Wednesday Woozles: Thanksgiving Dinner Safety

Wednesday Woozles: Thanksgiving Dinner Safety

This is a repeat of last year’s pre-Thanksgiving installment. I know some of us have questions about the safety of some foods and ingredients for our beloved woozles.


I love sharing my Thanksgiving meal with my pets, but I certainly don’t want to poison them. Today I hope to share with you some tips on what a Thanksgiving dinner can give you woozles.

First some funny photos.

word flow
advanced animal care
life with dogs

Since most of us have received our COVID vaccinations, many households have resumed their large family gatherings. Many will bring their pets. Here are some tips for both resident pets and four-legged travelers.


Now for the food: Here’s a list of typical Thanksgiving foods and ingredients I found:

Lean turkey is wonderful for woozles, in moderation, as well as most plain vegetables. It’s good for potties, too.

A little sauce spilled on our pets’ food is a real treat, but too much is too rich for most of our pets. The fats it contains can cause cramps, diarrhea, and even extremely painful pancreatitis.

Woozles and Pooties love to snag turkey bones, but try to keep them out of their reach. There is a possibility that they will splinter and cause bleeding in the digestive tract. No one needs an emergency run to the vet.

Plain mashed potatoes are also great for dogs, but too much can cause a spike in blood sugar levels if your woozle is diabetic. However, the butter and whipping cream in most mashed potatoes are not good for them. They can cause the same problems as the sauce.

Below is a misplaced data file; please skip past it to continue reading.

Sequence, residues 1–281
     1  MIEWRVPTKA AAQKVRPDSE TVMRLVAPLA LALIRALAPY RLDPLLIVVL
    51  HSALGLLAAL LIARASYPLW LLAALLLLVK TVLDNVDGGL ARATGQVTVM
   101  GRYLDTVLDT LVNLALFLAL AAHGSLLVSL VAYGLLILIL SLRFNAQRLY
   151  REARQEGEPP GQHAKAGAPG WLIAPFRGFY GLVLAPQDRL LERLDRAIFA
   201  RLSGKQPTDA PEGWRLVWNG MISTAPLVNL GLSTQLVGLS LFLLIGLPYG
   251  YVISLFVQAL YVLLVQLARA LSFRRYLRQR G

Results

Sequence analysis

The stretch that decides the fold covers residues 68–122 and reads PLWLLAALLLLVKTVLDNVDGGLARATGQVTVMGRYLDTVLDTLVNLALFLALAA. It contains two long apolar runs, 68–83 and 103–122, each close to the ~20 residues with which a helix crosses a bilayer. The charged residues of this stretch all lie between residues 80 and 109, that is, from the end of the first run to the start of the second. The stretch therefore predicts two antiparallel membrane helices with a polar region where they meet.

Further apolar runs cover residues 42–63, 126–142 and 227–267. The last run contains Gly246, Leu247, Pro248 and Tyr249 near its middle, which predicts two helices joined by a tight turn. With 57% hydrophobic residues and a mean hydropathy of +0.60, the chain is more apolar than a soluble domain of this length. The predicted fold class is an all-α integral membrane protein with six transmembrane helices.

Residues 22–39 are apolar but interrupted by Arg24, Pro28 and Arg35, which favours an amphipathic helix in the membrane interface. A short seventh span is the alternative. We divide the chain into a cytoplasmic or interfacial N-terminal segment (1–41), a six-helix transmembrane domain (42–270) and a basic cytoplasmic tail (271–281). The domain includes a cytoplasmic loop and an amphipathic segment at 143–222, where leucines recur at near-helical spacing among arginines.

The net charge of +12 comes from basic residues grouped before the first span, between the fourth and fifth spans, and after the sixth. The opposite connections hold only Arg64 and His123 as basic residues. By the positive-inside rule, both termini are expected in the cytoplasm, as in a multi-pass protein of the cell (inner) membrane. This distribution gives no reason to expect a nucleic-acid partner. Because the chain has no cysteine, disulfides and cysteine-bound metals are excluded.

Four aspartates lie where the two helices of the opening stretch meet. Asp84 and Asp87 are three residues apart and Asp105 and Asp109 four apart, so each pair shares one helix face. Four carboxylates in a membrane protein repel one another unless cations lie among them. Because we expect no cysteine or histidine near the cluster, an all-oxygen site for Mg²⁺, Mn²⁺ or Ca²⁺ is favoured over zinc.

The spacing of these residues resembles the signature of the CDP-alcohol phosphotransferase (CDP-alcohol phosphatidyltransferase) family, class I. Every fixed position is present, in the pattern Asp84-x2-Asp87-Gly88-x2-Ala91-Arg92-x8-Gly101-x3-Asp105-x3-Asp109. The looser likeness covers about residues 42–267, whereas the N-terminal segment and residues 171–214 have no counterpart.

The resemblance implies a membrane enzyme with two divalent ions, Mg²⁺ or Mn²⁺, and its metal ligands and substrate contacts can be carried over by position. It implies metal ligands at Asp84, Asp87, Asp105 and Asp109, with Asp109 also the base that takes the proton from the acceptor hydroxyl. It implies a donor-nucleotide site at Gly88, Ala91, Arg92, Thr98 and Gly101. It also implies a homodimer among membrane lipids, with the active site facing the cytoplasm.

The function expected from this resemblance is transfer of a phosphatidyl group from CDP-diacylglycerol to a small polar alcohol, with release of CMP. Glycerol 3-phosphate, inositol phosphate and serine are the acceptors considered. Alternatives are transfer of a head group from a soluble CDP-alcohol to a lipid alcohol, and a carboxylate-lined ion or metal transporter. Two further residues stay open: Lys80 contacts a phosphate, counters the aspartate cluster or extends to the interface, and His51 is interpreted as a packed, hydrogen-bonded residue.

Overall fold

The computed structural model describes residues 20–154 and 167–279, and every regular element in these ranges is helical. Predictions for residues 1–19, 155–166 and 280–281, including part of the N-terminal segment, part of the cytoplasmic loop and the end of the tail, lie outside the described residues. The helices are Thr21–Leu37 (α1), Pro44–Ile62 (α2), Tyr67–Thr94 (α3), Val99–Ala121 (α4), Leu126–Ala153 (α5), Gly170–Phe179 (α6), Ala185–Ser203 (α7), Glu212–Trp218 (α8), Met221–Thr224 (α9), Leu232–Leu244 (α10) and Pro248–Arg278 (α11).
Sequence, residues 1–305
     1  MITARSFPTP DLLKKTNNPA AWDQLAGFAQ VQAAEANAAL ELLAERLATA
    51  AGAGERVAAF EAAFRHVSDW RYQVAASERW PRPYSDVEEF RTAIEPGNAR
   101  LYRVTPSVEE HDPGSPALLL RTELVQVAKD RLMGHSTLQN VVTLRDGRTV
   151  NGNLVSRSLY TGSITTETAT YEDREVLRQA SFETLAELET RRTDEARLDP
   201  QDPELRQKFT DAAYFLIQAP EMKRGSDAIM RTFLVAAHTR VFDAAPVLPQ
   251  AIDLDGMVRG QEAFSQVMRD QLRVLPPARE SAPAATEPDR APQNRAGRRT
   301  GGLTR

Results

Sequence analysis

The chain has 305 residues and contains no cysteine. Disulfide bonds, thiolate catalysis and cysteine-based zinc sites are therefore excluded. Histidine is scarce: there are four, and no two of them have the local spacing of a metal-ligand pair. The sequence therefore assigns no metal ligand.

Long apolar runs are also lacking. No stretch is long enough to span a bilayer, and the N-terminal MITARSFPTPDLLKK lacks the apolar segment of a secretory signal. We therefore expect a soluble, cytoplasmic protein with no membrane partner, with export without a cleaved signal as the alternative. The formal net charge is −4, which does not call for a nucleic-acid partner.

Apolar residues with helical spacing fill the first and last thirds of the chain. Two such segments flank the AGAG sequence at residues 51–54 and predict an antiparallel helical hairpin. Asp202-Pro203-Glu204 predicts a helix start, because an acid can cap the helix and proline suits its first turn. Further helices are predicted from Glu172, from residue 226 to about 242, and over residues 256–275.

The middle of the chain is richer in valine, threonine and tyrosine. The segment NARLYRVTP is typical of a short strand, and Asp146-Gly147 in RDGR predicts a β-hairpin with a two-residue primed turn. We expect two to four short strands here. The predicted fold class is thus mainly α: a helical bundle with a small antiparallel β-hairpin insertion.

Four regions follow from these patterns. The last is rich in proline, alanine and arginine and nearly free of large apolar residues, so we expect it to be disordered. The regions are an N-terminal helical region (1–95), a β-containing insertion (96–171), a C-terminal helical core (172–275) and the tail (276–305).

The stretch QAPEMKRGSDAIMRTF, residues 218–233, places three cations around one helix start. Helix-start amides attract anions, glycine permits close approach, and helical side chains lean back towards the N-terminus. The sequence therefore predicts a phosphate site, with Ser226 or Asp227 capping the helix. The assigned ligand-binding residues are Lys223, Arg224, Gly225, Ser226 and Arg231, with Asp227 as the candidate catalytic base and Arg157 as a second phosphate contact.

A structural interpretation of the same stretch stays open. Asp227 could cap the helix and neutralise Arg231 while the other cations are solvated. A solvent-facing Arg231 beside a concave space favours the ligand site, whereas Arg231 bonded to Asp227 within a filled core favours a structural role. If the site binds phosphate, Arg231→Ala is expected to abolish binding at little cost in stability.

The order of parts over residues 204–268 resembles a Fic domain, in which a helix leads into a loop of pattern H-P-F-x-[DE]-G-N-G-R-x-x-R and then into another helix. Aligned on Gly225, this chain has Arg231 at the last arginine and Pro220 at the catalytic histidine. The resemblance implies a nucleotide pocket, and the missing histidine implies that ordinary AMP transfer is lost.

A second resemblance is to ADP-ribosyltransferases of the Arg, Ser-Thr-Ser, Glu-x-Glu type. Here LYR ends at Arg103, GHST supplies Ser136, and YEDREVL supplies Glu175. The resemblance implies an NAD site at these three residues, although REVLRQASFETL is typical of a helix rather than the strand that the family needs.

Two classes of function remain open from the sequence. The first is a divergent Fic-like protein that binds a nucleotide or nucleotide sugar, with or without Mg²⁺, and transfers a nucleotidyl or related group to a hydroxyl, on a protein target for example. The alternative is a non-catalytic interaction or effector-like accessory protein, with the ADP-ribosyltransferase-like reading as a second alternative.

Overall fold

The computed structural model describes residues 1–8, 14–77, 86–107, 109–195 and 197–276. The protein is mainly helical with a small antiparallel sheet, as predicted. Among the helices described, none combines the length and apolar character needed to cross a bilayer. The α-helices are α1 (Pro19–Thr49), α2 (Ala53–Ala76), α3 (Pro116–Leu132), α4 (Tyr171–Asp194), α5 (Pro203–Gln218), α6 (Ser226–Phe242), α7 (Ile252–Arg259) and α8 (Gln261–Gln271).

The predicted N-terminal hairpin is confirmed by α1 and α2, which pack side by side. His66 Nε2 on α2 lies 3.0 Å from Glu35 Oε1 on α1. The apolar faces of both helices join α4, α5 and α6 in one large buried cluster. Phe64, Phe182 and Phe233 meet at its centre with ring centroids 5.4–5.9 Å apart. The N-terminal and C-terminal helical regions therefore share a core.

Most woozles and pooties love giblets. They are impressive sources of vitamins but again, be careful with the fats. Also, if your pet has chronic kidney failure, they can overtax your pet’s kidneys. Most of your pets can enjoy them, but only in moderation. Save some for leftovers.

The padding presents problems. For one, there’s a ton of salt and butter. The green herbs it contains (parsley, sage, rosemary) are quite good, even medicinal, for dogs and cats. Parsley is a safe and natural diuretic. It’s the onions or onion powder, black pepper, and possibly garlic that are bad for them. Large amounts of onions can cause hemolytic anemia in both dogs and cats. Garlic is also a no-no. Black pepper can increase the absorption of any medication. It is best to skip it. In fact, it’s better to skip the filling altogether.

Grapes and raisins are more toxic to woozles and pooties than chocolate. Vets aren’t sure why yet, but grapes and raisins can cause acute kidney failure in dogs and cats. Keep them away from your pets.

Unbaked bread dough can cause dangerous bloating when it gets into woozles’ stomachs.

outer hound

As for the pumpkin pie, the pumpkin itself is good for both cats and dogs. It is packed with vitamins and fiber. Many kittens love it. Cinnamon, ginger, and cloves are also good for woozles. However, while a bite of the pie probably won’t harm your pets, the nutmeg that is present in pumpkin pie spice is toxic to pooties and woozles. It contains a component called myristicin that can cause abdominal pain, vomiting, increased heart rate and blood pressure, and even seizures. Cloves can also have a numbing effect on cats. And too much sugar is never good for your pets.

Pecans and walnuts are also particularly toxic to dogs (and horses). They contain a chemical called juglone which is the same thing that selectively kills certain plants that grow around your trees. It is also toxic to our pets.

Caffeine can make our pets jittery, just like people, only more so.

Chocolate contains a component called theobromine. Our pets’ bodies cannot metabolize it like ours can. A sufficient amount will cause cardiac arrhythmias, muscle tremors, seizures, and even death. And vets have no antidote.

Alcoholic beverages should be a no-brainer, unless you want drunken pets to stagger.

life with dogs
paw print
stray dogs
Animal Comedy – Cheezburger

Happy Thanksgiving everyone!

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